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My lovely godson's lovely puppy was run over y'day

(16 Posts)
OliviaMumsnet (MNHQ) Mon 25-Jan-16 14:30:05

and died. She was only 5 months old and an utter delight.
Everyone is v sad
How can I help?

IAmPissedOffWithAHeadmaster Mon 25-Jan-16 14:31:19

Message withdrawn at poster's request.

KinkyAfro Mon 25-Jan-16 14:51:42

Oh how sad, poor little puppy and your poor godson flowers

I have no advice sad

BernardsarenotalwaysSaints Mon 25-Jan-16 16:09:54

Oh I'm so sorry flowers. Just be there for them, I found having my best friend to talk to (well text) helped me immensly becuase I could just 'let it all out' to her. It doesn't matter how long a pet has been in your life they take a huge piece of your heart when they die, particularly when it's unexpected.

BernardsarenotalwaysSaints Mon 25-Jan-16 16:16:59

Also, silly as it sounds, let them know that it's ok to leave things like tidying up any mess in the back garden & putting bowls etc away for a few days or that doing it immediately, is ok too. I couldn't face it for the 2 days following my dogs death, I burst in to tears at thought. When I did do it I cried, but I found it....healing I supppse is the best term, I felt lighter after, still sad but not raw (almost like you feel after the horribe limbo between a human death & the funeral). I put her tag on my keyring. I talked to a friend who'd lost her cat after & she said she felt similar. Hope that helps a little.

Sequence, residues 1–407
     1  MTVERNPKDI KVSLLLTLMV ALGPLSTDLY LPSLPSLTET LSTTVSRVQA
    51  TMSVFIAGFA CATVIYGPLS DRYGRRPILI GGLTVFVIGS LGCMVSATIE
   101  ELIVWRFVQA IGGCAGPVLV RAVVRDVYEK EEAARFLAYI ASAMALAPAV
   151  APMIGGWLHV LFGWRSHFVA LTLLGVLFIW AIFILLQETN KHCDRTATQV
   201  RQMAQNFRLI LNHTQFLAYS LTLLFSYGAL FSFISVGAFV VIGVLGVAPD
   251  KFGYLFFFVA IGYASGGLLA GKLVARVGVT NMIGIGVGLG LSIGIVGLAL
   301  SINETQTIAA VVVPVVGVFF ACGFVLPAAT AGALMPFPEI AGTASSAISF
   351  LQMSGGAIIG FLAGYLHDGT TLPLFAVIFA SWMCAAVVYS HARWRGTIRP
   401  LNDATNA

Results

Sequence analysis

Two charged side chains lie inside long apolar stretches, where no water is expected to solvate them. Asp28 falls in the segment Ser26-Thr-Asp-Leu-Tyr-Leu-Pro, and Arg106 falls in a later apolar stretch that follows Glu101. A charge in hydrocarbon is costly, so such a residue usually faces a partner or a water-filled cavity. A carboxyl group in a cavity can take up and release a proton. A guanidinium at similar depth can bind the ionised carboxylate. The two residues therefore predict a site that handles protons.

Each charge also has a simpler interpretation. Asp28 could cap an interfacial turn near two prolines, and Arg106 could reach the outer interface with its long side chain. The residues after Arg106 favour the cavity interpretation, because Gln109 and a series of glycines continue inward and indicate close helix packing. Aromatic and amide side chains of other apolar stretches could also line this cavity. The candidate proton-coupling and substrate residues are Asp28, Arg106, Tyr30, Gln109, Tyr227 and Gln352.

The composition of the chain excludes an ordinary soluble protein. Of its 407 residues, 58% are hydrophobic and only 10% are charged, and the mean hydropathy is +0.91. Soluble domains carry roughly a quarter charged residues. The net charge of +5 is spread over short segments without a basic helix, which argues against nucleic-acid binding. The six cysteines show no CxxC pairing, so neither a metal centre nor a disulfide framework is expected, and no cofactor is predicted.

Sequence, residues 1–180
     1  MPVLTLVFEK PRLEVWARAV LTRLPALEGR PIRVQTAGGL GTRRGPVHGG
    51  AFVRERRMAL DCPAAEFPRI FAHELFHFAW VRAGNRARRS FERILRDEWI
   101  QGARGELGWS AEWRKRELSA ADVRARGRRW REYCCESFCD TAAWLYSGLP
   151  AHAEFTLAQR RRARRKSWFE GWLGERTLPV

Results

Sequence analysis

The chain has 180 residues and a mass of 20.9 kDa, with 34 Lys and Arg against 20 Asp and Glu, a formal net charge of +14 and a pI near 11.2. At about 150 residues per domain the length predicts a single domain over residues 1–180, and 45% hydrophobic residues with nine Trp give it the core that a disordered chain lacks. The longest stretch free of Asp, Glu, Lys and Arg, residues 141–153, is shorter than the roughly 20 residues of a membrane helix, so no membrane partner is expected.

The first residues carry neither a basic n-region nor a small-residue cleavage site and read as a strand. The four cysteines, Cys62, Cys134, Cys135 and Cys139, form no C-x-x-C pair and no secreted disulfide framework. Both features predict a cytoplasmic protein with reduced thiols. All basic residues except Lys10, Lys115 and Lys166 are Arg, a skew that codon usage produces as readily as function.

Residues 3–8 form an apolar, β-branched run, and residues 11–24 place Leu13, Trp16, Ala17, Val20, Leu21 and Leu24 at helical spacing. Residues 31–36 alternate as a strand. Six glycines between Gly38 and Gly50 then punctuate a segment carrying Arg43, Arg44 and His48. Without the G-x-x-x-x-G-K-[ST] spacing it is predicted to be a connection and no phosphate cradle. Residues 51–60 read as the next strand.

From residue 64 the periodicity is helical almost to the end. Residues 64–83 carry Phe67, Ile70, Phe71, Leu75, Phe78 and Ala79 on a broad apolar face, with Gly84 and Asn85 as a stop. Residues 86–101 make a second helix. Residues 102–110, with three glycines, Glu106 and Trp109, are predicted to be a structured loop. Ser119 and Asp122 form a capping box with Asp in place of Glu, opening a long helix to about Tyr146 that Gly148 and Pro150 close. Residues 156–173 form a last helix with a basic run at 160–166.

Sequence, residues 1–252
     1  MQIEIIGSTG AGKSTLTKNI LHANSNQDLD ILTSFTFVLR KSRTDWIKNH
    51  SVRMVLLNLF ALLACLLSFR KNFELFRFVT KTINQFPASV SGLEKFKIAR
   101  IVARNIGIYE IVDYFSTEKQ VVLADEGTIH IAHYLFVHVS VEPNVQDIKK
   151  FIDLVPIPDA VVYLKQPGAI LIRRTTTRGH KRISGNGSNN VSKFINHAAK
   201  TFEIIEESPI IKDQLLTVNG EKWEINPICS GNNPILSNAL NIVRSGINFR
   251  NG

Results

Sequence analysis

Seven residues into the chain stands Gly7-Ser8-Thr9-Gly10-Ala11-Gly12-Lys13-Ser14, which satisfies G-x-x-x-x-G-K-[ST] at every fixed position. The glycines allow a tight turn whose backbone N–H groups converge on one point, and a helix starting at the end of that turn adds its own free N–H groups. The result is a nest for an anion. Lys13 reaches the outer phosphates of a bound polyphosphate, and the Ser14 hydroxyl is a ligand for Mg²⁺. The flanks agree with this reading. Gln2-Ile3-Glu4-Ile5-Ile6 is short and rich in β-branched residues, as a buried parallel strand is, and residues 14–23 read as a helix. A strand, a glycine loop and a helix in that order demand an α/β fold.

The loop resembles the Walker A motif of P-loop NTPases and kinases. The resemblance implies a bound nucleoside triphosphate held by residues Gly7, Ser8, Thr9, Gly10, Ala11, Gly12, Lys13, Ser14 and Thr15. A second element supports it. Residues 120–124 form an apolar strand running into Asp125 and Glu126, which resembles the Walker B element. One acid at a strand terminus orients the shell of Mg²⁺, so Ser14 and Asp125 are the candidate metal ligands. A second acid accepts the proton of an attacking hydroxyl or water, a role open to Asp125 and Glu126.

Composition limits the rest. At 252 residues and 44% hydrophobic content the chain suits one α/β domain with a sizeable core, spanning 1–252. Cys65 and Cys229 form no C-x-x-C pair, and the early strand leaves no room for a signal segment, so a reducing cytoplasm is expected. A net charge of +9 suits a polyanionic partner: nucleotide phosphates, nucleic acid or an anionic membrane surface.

Scuttlebutter Mon 25-Jan-16 16:42:04

Something which might help your godson is to make a little scrapbook for him of some pictures of him taken with his pup, and you could include things like his vaccination certificates, his pedigree (if he had one) etc. Another variation would be to use one of those deep, 3D frames and make up a collage with things like his collar, his tag, one of his toys, and some pictures.

It's horrible to lose a pup so suddenly - please ensure nobody says to him "it's just a dog" - the bonds can be very powerful and his grief should be respected and given space (as well as that of other family members).